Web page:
Throughout 2020, we all grew weary of hearing the word "unprecedented." Many of us hoped that "unprecedented" would fall out of use once the calendar turned to a new year, and "normal" would be the word for 2021.
That fantasy was shattered this week.
The events that unfolded in the Capitol on Wednesday were unprecedented, as well as despicable and wrong.
I have been an outspoken supporter of President Trump since the early days of his first presidential campaign.
As a pastor, my motivation has always been biblical.
His policies line up best with the principles I find in Scripture. These include, for example, support for the sanctity of human life and defense of religious liberty.
My fidelity to the teachings of the Bible led to my continued support for the Trump administration’s policy agenda, and in the process, I have also developed a personal friendship with the president over the last five years that I value.
It was also my unwavering commitment to the teachings of Scripture that compelled me to condemn the violence and riots that broke out during Black Lives Matter protests last summer.
The same commitment to the teachings of Christ found in Scripture informs my sentiments today about what we witnessed at the Capitol on Wednesday.
What the angry mob did by storming into the Capitol was not only a crime, it was a sin against God.
Every American can assemble to protest. This is a God-given right acknowledged and protected by the First Amendment. Peaceful protest is a vital part of our political tradition, and it has long served us well.
What happened on Wednesday when a mob infiltrated the Capitol building was not a protest. It was lawlessness.
It doesn’t matter what your political cause is—whether it’s left or right, far-left or far-right—no "good" end can be sought by rotten means.
Shouting profanities, beating back police officers, destroying property, intimidating elected officials… These are not forms of political argument, no matter who uses them. They’re just an ungodly power grab.
Celebrating evil is evil. It corrodes the soul.
Too many of us, in the heat of this political moment, have fallen into an all-consuming hatred for our fellow Americans, fellow human beings made in God’s image.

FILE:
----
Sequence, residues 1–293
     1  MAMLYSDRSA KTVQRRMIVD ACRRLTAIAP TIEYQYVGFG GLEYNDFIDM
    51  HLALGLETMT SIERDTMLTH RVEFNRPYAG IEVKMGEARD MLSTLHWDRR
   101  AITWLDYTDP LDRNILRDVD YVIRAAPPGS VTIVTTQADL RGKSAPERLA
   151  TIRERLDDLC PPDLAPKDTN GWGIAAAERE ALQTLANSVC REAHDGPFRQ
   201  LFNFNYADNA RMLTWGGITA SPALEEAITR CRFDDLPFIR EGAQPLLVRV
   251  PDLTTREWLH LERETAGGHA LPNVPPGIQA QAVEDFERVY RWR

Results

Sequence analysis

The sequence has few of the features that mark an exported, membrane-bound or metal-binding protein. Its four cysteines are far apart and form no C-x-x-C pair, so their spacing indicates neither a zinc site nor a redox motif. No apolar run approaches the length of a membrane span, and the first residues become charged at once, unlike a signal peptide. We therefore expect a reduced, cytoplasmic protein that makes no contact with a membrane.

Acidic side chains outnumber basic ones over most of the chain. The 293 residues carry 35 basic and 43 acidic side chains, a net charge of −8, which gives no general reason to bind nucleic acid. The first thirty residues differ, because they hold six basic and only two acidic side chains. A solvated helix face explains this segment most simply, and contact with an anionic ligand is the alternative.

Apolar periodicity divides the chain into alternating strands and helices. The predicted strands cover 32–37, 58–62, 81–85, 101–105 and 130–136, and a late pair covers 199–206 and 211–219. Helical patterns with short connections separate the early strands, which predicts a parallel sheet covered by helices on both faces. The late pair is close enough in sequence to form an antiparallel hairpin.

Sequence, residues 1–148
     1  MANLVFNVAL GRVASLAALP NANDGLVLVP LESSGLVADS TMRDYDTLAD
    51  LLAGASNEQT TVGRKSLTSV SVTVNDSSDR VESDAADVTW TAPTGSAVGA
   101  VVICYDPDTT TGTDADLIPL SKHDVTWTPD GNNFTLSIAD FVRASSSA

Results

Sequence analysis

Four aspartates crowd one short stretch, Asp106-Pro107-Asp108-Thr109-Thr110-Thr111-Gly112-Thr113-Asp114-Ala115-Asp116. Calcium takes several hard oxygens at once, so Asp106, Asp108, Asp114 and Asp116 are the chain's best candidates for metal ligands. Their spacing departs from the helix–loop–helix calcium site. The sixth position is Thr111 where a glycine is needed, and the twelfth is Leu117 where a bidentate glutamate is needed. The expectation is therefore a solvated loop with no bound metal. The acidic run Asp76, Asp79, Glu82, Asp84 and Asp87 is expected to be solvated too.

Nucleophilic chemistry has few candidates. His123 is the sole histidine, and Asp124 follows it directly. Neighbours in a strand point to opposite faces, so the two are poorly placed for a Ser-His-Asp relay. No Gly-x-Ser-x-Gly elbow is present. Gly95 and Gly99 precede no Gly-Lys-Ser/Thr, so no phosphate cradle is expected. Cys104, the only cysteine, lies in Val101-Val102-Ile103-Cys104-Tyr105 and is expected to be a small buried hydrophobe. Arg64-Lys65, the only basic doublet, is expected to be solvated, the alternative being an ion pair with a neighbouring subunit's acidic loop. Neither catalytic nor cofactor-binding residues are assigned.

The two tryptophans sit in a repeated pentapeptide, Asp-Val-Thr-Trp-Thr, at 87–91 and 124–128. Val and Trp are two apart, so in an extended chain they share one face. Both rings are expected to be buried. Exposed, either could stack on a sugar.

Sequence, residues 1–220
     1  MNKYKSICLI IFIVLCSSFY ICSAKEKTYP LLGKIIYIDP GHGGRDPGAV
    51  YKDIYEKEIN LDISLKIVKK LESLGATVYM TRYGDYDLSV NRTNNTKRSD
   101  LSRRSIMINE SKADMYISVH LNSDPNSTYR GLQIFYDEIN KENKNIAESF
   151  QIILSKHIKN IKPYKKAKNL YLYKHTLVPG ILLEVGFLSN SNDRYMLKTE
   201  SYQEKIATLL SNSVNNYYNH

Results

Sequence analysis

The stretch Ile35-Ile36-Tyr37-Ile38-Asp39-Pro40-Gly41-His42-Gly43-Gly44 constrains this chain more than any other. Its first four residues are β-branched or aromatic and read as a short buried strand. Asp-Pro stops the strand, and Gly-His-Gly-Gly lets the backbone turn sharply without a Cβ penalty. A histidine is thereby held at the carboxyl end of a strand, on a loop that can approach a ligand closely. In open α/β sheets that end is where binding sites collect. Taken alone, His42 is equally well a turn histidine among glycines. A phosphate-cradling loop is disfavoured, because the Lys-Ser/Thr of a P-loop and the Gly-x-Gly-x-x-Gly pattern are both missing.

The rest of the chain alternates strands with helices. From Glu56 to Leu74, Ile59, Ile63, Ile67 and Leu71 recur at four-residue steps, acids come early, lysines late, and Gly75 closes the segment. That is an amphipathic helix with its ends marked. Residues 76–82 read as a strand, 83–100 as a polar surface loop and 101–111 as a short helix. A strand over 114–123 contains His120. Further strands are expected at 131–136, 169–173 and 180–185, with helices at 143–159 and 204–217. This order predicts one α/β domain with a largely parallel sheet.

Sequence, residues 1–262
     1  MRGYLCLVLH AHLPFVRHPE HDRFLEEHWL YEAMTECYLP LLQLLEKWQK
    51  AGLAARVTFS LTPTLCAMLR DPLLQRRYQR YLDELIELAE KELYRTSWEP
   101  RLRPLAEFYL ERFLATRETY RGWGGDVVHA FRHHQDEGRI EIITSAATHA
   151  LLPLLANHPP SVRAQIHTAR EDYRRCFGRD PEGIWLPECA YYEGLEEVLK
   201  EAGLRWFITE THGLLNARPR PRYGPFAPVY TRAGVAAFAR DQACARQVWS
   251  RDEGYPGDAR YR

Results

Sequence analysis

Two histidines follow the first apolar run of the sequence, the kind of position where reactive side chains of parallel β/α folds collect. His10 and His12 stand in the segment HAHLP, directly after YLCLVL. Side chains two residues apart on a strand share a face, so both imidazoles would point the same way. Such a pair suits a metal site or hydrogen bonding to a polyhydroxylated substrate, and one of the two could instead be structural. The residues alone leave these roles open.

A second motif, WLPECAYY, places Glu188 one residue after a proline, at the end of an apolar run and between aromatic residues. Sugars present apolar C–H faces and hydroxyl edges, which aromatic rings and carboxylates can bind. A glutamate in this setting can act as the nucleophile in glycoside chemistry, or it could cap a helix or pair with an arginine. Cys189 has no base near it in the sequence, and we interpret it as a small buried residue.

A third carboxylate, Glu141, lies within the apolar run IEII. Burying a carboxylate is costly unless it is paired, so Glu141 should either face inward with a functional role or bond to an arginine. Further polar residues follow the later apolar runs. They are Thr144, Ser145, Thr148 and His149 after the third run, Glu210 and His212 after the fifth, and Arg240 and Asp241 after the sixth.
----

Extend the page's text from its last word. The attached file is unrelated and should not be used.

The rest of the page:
- Tucker Carlson: Who will stand up for everyday Trump voters facing retribution from the left?
- Doug Schoen: Capitol riot incited by Trump shows democracy at risk — Dems & GOP must work together peacefully
- Tim Graham: No excuse for Day of Infamy at Capitol — democracy was under siege by people wearing Trump hats
This bitterness has clouded our vision, causing us to lose sight of God’s command to love and seek peace.
The Apostle Paul told us to seek out common ground and unity whenever we can, "If possible, so far as it depends on you, be at peace with all men" (Romans 12:18).
The same Paul who wrote these inspired words about seeking peace, before his conversion to Christianity, participated in and approved of radical violence done against his enemies.
The first time Paul shows up in the Bible, he is the guy watching the coats for a mob of people who angrily stoned an innocent Christian to death (Acts 7:58). He was "breathing threats and murder" against his sworn enemies when he set off on the road to Damascus.
There is one way, and one way only, to change an embittered, riotous heart like that: An encounter with the risen and reigning Son of God.
This is what happened for Paul (Acts 9). Hate melted away in an instant and turned into sacrificial love, in the blinding light of the glorified Christ.
So changed, so transformed by this event, the same man who once celebrated violence later wrote, "Let all bitterness and wrath and anger and clamor and slander be put away from you, along with all malice. Be kind to one another, tenderhearted, forgiving one another, as God in Christ forgave you" (Ephesians 4:31-32).
Seeking peace does not require laying aside or compromising your deeply held convictions. I know I haven’t. But every political cause has to be sought in the right way—not through violence and hatred, but instead with respect for law, personal humility, and charity towards all.
My prayer for America is that people from all over the political spectrum would find freedom from slavery to bitterness and anger today.
Bitterness and wrath consume the containers that hold them. But through Christ you can be transformed into an agent of reconciliation that helps unite a fractured country.